“Toothpaste is the cornerstone of your dental hygiene. Regular use of toothpaste fights the build-up of plaque and tartar to prevent tooth decay and gum disease,” says Dr. Robb.  “Toothpaste can also help keep your teeth white, reduce or prevent tooth sensitivity and freshen your breath.  Additionally, it’s an excellent mechanism for the delivery of fluoride.”

  • Does toothpaste expire?

    According to Dr. Roob, most toothpaste has a shelf life of approximately two years. That being said, "it doesn’t ‘go bad’ at that point, so there’s no danger in using recently expired toothpaste. It’s just that key ingredients, such as fluoride, may be less effective after that point," she notes.

  • Do whitening toothpastes work?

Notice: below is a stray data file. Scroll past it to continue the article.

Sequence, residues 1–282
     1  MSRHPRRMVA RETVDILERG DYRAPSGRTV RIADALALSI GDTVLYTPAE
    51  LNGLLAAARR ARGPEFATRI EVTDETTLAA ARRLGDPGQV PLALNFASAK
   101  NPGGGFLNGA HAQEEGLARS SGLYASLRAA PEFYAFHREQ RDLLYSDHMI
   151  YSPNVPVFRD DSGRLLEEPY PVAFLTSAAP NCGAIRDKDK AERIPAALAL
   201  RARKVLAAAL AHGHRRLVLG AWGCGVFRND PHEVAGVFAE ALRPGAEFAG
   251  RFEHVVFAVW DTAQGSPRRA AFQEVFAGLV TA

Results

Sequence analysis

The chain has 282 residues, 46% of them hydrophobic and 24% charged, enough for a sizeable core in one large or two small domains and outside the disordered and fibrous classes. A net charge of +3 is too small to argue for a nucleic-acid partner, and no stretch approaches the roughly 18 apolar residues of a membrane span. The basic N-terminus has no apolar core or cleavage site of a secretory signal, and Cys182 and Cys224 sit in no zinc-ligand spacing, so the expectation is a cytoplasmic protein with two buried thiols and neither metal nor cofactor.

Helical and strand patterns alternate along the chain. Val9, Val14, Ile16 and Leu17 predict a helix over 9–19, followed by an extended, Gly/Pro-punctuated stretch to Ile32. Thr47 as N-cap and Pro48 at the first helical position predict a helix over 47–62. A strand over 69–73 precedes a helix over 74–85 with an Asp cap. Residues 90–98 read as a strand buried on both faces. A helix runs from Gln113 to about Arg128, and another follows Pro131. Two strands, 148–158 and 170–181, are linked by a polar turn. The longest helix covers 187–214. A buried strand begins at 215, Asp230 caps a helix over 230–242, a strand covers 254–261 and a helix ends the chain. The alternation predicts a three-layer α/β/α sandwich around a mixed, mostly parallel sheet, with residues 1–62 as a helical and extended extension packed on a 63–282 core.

“Yes, a whitening toothpaste is great at dealing with the day-to-day surface stains from teeth such as coffee, cigarettes, soda, and more, but it does take continued use,” says Vetystman. “They have special abrasives or peroxide that help break down stains and polish teeth.” That being said, they only work on the surface of the tooth, so if you want a major whitening effect, professional whitening treatments are the way to go, she says.

Why Trust Byrdie

Byrdie contributor Melanie Rud has over a decade of experience in the beauty industry, writing for some of the biggest magazines and websites out there. She’s a devoted tooth brusher (and newly committed flosser) and loves trying out all kinds of new toothpaste regularly.

Article Sources
Byrdie takes every opportunity to use high-quality sources, including peer-reviewed studies, to support the facts within our articles. Read our editorial guidelines to learn more about how we keep our content accurate, reliable and trustworthy.
  1. Healthy mouth, healthy body. The Journal of the American Dental Association. 2006;137(4):563.

  2. Gum disease and heart disease: The common thread. Harvard Health.

  3. Talha B, Swarnkar SA. Xerostomia. In: StatPearls. Treasure Island (FL): StatPearls Publishing